Dunvegan Thought Spot

In the research The Dunvegan Group conducts to support our CCR (Customer Care & Retention) programs, we discover articles, blog posts and videos which, although not directly related to our work, are thought provoking or concern matters you may want to think about.  ‘Thought Spot’ covers a broad range of subjects.

The posts in ‘Thought Spot’ are selected by Olev Wain, Ph.D., VP of The Dunvegan Group. 

We welcome your feedback!


 

 

Guidelines for Bucket Lists

The 2007 movie “Bucket List”, starring Jack Nicholson and Morgan Freeman, popularized the expression “It’s on my bucket list”.  Nicholson and Freeman played two terminally ill men who escaped from a cancer ward and went on a trip to fulfill their wish-list of things they would like to do before they died.

Among other things, they go sky diving together, drive a Shelby Mustang, visit the Taj Mahal in India and ride motorcycles on the Great Wall of China. 

Whenever I ask people about their bucket lists I get one of three general types of reactions.

In the first (and largest) group are people who have compiled bucket lists of activities they would like to experience or places they would like to visit.  They are more likely to enumerate visceral experiences, those based on deep feelings and emotional reactions (e.g., skydiving or motorcycling) rather than on reason or thought.

The second group is comprised of people who reject the notion of a bucket list and believe they should focus on things they have accomplished and feel proud of, rather than creating yet another ‘to-do’ list which, according to some, will degenerate into a list of things they are reminded of that they have failed to do.

The third and smallest group, is characterized by people who are working on NOT doing things that clutter their lives, and concentrate on those that give them a sense of fulfillment or pleasure in the present.

Yet when all three groups are asked to articulate what really matters to them in life, they are often at a loss. What are your articles of faith? Where do you find your personal statement of what is important to you? 

I have a suggestion.

In his 1925 novel “The Painted Veil” Somerset Maugham wrote “One cannot find peace in work or in pleasure, in the world or in a convent, but only in one's soul.” 

So … now we know WHERE to find meaning in life, but will we be able to recognize it when we stumble across it?  I have an idea that might help.

I do not recall the origins of the following quotation: “Nothing clarifies a man’s thinking more than the prospect of imminent death.”  I am not suggesting you place yourself in a life-threatening situation in the hopes this will clarify your thinking to the point that you can articulate what really matters to you.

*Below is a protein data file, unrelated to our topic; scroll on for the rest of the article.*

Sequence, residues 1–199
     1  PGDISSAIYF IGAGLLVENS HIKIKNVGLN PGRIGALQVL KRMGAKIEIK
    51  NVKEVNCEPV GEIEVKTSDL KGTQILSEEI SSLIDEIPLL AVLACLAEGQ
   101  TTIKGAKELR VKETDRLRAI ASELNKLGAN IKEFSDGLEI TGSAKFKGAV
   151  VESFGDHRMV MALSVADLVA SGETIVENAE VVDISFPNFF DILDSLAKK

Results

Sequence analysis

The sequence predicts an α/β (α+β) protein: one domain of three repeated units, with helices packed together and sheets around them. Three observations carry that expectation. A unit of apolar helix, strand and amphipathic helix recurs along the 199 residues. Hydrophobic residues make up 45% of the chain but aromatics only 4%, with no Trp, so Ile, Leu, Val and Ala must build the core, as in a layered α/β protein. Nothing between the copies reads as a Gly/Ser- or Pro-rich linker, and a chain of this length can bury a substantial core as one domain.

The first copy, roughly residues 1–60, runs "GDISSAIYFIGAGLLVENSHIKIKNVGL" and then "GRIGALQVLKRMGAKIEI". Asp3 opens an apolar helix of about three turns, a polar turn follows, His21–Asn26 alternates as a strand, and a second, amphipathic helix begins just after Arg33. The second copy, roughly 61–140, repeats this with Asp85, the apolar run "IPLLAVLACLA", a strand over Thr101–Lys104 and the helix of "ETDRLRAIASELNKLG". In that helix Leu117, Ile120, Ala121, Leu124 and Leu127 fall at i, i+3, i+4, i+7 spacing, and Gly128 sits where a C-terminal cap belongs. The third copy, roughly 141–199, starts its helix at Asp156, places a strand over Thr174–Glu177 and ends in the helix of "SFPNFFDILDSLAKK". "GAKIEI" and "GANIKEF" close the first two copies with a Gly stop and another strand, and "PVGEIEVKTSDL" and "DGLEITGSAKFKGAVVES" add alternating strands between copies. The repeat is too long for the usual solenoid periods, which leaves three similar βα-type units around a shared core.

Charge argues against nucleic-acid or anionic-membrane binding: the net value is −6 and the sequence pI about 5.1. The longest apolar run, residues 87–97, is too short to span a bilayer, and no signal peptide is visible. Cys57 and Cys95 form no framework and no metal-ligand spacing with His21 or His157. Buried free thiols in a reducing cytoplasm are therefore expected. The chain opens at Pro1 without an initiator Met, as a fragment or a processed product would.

But the prospect of impending death does give one reason to pause and reflect about one’s life.  So, the answer may reside with those who realize they are coming to the ends of their lives.

In her book “The Top Five Regrets of The Dying” Bronnie Ware does not mention visceral activities such as not going white water kayaking or bungee jumping, as one of the regrets.

As summarized in a 1 February 2017 article on the Guardian.com, these are the five regrets people are most likely to have as they are approaching the ends of their lives.

1. I wish I'd had the courage to live a life true to myself, not the life others expected of me.

"This was the most common regret of all. When people realise that their life is almost over and look back clearly on it, it is easy to see how many dreams have gone unfulfilled."

2. I wish I hadn't worked so hard.

"This came from every male patient that I nursed. They missed their children's youth and their partner's companionship. Women also spoke of this regret, but as most were from an older generation, many of the female patients had not been breadwinners.”

3. I wish I'd had the courage to express my feelings.

"Many people suppressed their feelings in order to keep peace with others. As a result, they settled for a mediocre existence and never became who they were truly capable of becoming.”

4. I wish I had stayed in touch with my friends.

"Often they would not truly realise the full benefits of old friends until their dying weeks and it was not always possible to track them down.”

5. I wish that I had let myself be happier.

"This is a surprisingly common one. Many did not realise until the end that happiness is a choice. They had stayed stuck in old patterns and habits. The so-called 'comfort' of familiarity overflowed into their emotions, as well as their physical lives.

Fear of change had them pretending to others, and to their selves, that they were content, when deep within, they longed to laugh properly and have silliness in their life again."

I suggest you review these five regrets, as articulated by people who are close to death, as a starting point in defining what is important to you, as well as identifying meaningful activities supporting what is of greatest importance to you.

Your thoughts?

Image courtesy of AntonioGuillem at FreeDigitalPhotos.net

Relevant link:

https://www.theguardian.com/lifeandstyle/2012/feb/01/top-five-regrets-of-the-dying

 

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